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Research Reports » Calastone Asia July 2020

There’s no turning back

By forcing asset managers to change their working practices and embrace technological innovations, the covid-19 crisis has hastened the industry’s digital transformation.

We will remember Q1 and Q2 2020 as six months that changed the asset management world, driven by a health shock and a global economic contraction arguably more severe than anything previously witnessed in the post-1945 era. 

When the post-crisis debrief commences, many will look to Asian countries for lessons that will guide public health management in the future – in terms of how they have managed virus-transmission data, organised healthcare logistics, and employed technology to quantify and manage risk. 

Statistics emerging from Asia’s response to the crisis are striking. For data accurate to July 13, South Korea had 13,771 confirmed cases of the virus and 296 deaths; Taiwan had 451 confirmed cases and just seven deaths; Hong Kong had 1,521 confirmed cases and also seven deaths. This contrasts with the US, which had more than 3.9 million confirmed cases and over 140,000 deaths; or the UK, with almost 300,000 confirmed cases and more than 45,000 deaths. 

Against this background, the past six months have had far-reaching implications for the economic outlook in Asia and globally. The International Monetary Fund (IMF) predicted in its April World Economic Outlook (WEO) that global output during 2020 will slow dramatically – and it revised down its published forecast (declared in its December 2019 WEO report) by 6.3 percentage points to -3.0%.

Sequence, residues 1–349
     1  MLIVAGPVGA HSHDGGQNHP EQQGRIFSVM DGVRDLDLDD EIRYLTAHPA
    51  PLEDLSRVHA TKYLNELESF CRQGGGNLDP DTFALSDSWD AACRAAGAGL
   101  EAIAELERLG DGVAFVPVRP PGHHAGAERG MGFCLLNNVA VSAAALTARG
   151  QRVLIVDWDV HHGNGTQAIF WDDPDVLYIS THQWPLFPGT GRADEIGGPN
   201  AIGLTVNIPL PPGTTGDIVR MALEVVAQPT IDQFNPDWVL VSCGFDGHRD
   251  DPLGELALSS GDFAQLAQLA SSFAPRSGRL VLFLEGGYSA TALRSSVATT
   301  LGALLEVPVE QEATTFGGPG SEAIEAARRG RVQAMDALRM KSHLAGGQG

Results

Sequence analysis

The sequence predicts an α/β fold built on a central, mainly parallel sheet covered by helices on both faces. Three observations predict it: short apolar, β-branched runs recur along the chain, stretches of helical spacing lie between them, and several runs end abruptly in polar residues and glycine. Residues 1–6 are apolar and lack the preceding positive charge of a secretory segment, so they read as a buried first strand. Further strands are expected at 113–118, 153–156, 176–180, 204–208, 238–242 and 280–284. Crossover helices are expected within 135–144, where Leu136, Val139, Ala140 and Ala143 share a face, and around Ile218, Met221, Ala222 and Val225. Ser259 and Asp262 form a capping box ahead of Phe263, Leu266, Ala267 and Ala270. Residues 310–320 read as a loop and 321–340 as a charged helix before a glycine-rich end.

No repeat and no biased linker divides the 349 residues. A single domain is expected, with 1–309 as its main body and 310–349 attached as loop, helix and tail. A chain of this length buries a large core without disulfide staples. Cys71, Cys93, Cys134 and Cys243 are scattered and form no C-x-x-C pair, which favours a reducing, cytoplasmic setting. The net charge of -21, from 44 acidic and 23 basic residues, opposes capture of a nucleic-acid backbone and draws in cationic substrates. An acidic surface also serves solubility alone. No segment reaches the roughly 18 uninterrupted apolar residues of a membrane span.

Each passing month has been met with further economic deterioration. In its June WEO report, the IMF amended its projection for world output downwards by a further 1.9 percentage points to -4.9%.

Asia Distribution Report fig1For the first time in many years, Asia’s output is projected to contract as a region (the IMF’s prediction of zero growth for Asia, in its April WEO report, was revised down to -1.6% in June). This is partly the result of ongoing Covid-19 containment measures, partly the impact of a rapidly contracting global economy. 

There is optimism that China may lead the world economy out of this slowdown. China grew by 3.2% year-on-year in Q2 20, reversing a 6.8% decline during the preceding quarter according to data from Trading Economics – the first major economy to report growth as it reopened manufacturing and retail outlets after lockdown. 

However, when we factor in the effects of a febrile US-China trade relationship, external criticism of the new national security law in Hong Kong, and the decision of several Western governments to exclude Chinese telecoms giant Huawei from their 5G telecoms infrastructure, this is a cocktail of uncertainties that makes it hard to predict the pace of Asia’s recovery.

For financial services, this disruption has triggered technology adaptation and changes in working practices that will have lasting effects for our industry. At short notice, the asset management world has adapted to remote working and rolled operational contingency arrangements into action that might have taken five or ten years to deliver in ‘normal’ times.

This will accelerate the digital transformation of the asset management industry – and the innovation that it offers to support fund sales, investment advice and client support through digital channels.

Fund markets in Asia
The survey asked participants to identify which markets globally will be most important over the coming 12 months as an investment destination for Asian investors. It reveals that China will be the most popular target for investment flows, with Hong Kong and Singapore also featuring prominently. The importance of the US and Europe (ex UK) as an investment destination has declined during the past 12 months (fig 1).